Cape police to increase underage drinking enforcement

Friday, September 21, 2012

EDITOR'S NOTE: The number of on-campus violations has been corrected.

Local law enforcement agencies will be working to spoil the party if those imbibing are underage. They also will be stepping up their presence at area bars to try to spot those under the age of 21 who used fake identifications to have an alcoholic drink illegally.

The Cape Girardeau Police Department announced Thursday that four agencies will be working together to increase enforcement of alcohol-related offenses as it relates to offenders who are still too young to drink.

The department will have its officers conducting so-called saturation patrols and walk-throughs of bars, said acting police chief Roger Fields. The department will also continue conducting its alcohol compliance checks, in which officers visit businesses to ensure employees are not selling alcohol to those below Missouri's legal drinking age.

Assisting agencies include the Cape Girardeau County Sheriff's Department, the Missouri State Highway Patrol and Southeast Missouri State University's Department of Public Safety.

"I think we have an implied obligation as law enforcement officers to reduce these issues," Fields said Thursday afternoon. "It's really nothing new. We've enforced alcohol laws all along. We're just putting extra effort into it and working to raise awareness. Our goal is to reduce alcohol-related issues in young people's lives before they create real problems later on."

The Cape Girardeau department, quoting data provided by Mothers Against Drunk Drivers, notes that the age limit for alcohol consumption is based on research that shows that younger people react differently to alcohol. Teens, for example, get intoxicated twice as fast as adults and have more trouble knowing when to say when.

Those who begin drinking in their teens are not only at a greater risk for developing alcoholism later on, they are also at greater risk for health problems.

While those in high school are certainly not impervious to the temptations of drink, most studies show that more serious attempts start on college campuses. Doug Richards, the director of Southeast's university police department, said that in 2011 there was a slight uptick of liquor law violations reported. He could not provide data for last year, but police flagged 15 violations in 2010 -- nine on campus and six in the dormitories.

Students are prohibited from consuming alcoholic beverages on university premises or at university-sponsored events, Richards said.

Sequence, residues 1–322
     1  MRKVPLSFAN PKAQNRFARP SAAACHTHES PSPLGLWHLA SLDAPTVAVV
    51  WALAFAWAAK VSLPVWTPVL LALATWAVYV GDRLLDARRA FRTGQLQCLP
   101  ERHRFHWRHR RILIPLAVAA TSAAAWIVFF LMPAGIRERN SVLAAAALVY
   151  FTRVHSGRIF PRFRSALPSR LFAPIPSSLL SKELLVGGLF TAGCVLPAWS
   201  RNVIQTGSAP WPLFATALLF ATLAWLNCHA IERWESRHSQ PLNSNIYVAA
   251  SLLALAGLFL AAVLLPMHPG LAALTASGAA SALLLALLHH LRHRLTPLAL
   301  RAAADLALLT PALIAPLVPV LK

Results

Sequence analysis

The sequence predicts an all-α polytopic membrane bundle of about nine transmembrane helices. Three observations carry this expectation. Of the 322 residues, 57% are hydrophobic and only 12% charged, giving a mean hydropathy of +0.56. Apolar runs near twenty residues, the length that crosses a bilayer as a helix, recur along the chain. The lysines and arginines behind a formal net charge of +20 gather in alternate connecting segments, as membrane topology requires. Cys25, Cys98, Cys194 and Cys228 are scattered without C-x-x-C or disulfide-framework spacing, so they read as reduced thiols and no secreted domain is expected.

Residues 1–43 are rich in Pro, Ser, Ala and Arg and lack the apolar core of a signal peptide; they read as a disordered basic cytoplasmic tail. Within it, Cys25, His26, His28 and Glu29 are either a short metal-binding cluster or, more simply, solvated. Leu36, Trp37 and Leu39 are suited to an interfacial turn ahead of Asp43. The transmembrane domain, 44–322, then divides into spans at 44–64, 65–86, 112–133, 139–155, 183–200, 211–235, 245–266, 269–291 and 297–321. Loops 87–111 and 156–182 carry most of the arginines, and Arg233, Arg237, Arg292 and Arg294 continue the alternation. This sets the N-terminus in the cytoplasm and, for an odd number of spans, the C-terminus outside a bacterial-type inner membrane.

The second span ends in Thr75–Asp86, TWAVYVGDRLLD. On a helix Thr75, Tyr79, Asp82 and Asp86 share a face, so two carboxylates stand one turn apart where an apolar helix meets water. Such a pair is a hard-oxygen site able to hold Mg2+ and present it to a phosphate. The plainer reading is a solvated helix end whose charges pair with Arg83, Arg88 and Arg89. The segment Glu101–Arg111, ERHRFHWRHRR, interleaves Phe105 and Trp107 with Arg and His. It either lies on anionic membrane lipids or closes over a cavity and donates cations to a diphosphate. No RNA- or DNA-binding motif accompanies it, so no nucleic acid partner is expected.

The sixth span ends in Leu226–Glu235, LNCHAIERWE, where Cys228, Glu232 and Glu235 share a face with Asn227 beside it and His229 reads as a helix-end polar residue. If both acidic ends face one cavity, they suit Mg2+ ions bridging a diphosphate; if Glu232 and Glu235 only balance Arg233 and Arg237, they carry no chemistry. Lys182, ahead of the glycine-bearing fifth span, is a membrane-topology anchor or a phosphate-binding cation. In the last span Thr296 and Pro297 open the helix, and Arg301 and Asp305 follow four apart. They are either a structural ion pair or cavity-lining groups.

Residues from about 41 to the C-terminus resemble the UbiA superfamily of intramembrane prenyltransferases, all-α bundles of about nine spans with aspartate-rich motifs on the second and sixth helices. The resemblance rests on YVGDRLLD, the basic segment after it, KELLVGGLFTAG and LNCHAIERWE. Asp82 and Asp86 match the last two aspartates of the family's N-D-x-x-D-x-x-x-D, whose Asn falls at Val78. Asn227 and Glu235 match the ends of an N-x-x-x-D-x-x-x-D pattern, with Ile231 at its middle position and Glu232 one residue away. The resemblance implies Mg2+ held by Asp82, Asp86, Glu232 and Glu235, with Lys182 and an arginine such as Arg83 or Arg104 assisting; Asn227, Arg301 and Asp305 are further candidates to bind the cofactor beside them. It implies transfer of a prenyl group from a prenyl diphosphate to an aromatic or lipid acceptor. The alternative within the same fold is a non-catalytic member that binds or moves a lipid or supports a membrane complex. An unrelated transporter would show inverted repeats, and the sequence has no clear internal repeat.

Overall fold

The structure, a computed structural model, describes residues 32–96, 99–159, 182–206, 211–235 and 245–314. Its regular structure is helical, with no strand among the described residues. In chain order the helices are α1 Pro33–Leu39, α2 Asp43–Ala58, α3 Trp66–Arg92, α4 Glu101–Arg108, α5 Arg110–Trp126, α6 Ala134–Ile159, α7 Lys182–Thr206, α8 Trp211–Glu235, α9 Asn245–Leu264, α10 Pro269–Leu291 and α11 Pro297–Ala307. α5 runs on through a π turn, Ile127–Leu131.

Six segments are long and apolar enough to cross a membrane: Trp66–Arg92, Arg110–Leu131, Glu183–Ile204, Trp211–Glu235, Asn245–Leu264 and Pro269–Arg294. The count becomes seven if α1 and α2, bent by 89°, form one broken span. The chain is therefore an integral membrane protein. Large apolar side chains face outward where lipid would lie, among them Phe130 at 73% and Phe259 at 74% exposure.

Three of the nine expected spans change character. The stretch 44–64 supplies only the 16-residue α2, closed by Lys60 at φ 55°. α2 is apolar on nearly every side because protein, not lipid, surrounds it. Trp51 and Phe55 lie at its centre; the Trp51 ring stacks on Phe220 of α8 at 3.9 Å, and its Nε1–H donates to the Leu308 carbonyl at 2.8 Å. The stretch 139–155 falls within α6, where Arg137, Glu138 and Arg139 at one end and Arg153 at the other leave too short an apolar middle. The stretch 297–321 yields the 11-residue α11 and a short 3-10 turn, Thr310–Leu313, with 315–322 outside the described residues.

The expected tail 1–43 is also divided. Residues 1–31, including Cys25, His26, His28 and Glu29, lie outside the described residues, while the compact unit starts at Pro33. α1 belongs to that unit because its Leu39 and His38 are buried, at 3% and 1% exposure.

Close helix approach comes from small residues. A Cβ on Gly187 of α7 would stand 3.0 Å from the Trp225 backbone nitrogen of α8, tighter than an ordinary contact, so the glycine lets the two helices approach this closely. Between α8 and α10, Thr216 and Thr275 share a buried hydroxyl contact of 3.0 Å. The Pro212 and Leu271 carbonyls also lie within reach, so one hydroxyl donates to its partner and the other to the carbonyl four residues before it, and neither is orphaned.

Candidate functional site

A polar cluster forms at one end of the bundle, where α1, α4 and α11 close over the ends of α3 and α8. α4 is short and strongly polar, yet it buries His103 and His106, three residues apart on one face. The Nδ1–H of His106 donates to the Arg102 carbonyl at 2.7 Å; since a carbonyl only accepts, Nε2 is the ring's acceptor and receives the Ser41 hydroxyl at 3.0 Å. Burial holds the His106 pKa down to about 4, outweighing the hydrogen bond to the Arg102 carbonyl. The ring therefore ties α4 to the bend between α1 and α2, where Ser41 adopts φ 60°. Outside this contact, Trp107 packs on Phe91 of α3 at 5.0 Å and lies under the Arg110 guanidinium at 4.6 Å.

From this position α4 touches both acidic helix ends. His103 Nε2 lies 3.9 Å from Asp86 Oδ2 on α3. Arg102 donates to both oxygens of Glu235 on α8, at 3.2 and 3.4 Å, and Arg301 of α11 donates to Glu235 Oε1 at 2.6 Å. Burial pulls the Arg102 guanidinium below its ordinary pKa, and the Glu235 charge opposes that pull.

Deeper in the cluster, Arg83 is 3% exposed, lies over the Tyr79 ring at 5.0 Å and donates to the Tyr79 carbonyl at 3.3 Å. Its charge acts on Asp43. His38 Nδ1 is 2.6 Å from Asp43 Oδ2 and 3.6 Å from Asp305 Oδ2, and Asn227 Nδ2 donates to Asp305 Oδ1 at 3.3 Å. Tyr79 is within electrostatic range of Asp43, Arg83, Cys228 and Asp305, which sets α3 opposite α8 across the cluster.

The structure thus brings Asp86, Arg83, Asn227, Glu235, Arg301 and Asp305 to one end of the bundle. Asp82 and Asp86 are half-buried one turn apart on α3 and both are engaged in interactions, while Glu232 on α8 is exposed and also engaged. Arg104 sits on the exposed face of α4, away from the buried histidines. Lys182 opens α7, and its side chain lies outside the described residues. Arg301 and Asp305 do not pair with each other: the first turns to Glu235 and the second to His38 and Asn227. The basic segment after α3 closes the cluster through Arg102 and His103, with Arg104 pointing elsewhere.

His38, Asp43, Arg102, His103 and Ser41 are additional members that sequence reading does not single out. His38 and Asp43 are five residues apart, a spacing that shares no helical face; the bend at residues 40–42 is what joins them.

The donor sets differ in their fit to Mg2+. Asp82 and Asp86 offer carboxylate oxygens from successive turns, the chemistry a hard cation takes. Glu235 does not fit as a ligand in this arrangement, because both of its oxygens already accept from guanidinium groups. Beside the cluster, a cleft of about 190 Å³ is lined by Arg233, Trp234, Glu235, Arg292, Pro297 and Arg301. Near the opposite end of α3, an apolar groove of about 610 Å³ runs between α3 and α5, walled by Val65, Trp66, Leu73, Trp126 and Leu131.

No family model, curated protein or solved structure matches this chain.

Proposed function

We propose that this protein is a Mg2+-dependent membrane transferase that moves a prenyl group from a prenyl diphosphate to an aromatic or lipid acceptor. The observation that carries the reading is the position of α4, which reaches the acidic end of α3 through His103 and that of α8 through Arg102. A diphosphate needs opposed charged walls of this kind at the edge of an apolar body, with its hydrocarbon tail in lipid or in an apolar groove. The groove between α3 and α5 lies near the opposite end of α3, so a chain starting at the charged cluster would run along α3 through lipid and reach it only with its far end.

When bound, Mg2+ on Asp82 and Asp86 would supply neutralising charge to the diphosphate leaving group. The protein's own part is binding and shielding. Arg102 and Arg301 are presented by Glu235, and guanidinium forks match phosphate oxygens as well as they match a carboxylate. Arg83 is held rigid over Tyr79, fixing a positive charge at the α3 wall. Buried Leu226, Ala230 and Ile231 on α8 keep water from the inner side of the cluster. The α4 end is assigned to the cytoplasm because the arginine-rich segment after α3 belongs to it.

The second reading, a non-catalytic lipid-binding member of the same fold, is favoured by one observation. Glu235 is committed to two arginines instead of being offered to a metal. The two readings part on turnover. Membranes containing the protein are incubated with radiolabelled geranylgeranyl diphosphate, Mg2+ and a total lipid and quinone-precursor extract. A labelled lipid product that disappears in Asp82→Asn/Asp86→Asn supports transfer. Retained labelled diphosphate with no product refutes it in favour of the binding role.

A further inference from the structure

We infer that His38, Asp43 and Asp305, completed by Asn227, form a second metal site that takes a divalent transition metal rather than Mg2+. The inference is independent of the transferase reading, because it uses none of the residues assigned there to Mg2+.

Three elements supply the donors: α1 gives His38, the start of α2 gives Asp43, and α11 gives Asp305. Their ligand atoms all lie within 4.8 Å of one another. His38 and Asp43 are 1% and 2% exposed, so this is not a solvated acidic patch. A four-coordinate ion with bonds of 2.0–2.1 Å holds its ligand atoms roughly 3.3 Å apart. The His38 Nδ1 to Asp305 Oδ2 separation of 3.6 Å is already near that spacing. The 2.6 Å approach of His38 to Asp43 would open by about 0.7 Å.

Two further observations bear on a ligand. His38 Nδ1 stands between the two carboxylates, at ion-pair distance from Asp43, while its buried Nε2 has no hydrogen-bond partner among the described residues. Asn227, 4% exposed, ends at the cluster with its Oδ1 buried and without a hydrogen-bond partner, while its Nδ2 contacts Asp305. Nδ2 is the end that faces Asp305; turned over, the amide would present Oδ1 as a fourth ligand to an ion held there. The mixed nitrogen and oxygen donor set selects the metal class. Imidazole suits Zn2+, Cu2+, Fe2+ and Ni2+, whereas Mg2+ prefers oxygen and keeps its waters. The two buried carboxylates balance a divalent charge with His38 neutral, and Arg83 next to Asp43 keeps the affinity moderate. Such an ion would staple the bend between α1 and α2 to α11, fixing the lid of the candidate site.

The university department will be providing manpower to do the walk-throughs at local bars and to pay unexpected visits to private parties to make sure the law is being followed, he said.

While underage drinking can lead to legal trouble, those in the medical field say that drinking can affect one's health as well. Emily Scheper, a 20-year registered nurse who works in Southeast Hospital's emergency room, said that, on a regular basis, they treat underage patients who are suffering from symptoms of having too much. While Scheper isn't sure that the numbers have grown, she said that it happens too often considering the danger.

"It is difficult to see," she said. "It kind of breaks your heart."

The compliance checks are being paid for by the Youth Substance Abuse Prevention Coalition from a recent $125,000 grant the agency received. Shelly Wood, the agency's project coordinator, said that drug abuse of all types is a problem among those under 21.

"It's important to catch at an early age because, if it isn't, it can lead to long-term and even permanent consequences," Wood said.

The U.S. Surgeon General reports that about 5,000 of those under the legal drinking age die as a result -- from crashes, homicides and suicides. Teens that drink are also at risk for a long list of other injuries and potential lifelong alcohol abuse. Reducing underage drinking can reduce that risk, Wood said.

"We're really glad to see that the police are working on this issue," she said. "It retains one of the greatest problems in our community. It's good to know they consider it a priority."

Wood said it is important to mention, however, that studies show a majority of those below drinking age do abstain.

"While it's important to address the problem of underage drinking, it's also good to focus on the positive," Wood said.


Pertinent address:

40 S. Sprigg St., Cape Girardeau, MO

Map of pertinent addresses

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